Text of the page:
The personal touch certainly isn’t limited to printers and their customers. The increasing demand for personalisation is driving growth in certain print sectors, as marketing becomes more tailored to individuals and is deliberately customer-centric. “There’s enormous potential for personalised printing at scale,” said Ekundayo.

Print can provide an irreplaceable offline experience, offsetting the digital fatigue felt by consumers and adding a new flavour to campaigns, creating collateral that reflects personal choice. This equally applies to apparel as it does custom travel itineraries or discount vouchers. These integrated, highly personalised campaigns, with both online and print elements, can make marketing come alive in a way that is not possible in a digital-only execution.

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commitment to growing a green economy

Green Printing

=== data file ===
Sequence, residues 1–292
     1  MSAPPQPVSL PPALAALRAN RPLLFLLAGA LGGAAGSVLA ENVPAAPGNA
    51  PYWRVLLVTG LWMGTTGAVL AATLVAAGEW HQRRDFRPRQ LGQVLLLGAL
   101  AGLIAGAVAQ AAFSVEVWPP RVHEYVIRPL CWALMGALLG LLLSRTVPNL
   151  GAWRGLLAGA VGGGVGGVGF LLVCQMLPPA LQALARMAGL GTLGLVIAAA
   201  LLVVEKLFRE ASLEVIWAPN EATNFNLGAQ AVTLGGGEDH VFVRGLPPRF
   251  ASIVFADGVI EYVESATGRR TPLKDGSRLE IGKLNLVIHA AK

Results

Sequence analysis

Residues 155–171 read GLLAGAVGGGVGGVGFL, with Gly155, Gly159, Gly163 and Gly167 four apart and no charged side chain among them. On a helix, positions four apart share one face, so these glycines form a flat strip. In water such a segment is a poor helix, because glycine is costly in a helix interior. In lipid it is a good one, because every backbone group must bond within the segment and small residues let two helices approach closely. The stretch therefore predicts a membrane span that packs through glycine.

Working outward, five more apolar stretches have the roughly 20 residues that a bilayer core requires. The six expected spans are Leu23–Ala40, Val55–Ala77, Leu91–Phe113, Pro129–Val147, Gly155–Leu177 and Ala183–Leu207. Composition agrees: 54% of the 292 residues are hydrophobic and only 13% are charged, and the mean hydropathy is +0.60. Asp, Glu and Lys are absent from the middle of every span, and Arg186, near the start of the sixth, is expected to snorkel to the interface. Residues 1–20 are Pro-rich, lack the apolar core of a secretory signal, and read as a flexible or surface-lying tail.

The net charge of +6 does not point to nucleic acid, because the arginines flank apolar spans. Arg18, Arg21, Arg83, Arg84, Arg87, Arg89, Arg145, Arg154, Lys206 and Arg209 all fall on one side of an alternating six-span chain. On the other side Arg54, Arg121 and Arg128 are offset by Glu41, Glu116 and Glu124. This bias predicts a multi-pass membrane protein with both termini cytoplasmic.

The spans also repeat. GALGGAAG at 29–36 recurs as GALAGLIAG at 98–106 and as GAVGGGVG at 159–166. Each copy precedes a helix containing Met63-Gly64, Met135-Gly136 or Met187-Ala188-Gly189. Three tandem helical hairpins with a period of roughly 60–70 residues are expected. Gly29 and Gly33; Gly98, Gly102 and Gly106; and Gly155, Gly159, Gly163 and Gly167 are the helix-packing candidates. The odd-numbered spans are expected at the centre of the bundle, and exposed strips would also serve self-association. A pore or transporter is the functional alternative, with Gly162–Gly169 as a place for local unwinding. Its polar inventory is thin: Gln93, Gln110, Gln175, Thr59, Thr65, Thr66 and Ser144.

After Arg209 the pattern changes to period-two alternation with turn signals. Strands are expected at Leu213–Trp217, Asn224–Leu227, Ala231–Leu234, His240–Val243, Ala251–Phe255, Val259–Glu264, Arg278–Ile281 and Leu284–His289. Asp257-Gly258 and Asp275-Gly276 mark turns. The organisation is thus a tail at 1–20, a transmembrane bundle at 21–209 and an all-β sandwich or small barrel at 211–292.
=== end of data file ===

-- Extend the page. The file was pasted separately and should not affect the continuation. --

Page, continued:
Growing consumer demand for environmentally-friendly products has put sustainability high on the print agenda and this was a particularly important area for Dina Storey. “Expo 2020 Dubai embodies the principles of sustainable development. We’re excited to work closely with Canon, to see how the printing industry innovates to be sustainable – environmentally, socially and economically.” Levelling up to meet sustainability goals, Dennis Micheni of DiscoverBrands 3D Printing in Kenya recently received an award in the Under 35 Environment Category Youth Agenda Kenya 2021. His company is piloting an innovative project that recycles PET waste into an affordable 3D printing filament. “We are creating a whole value chain by generating value for our products where we can collect what we create; there’s no loop, no leakage,” he explains.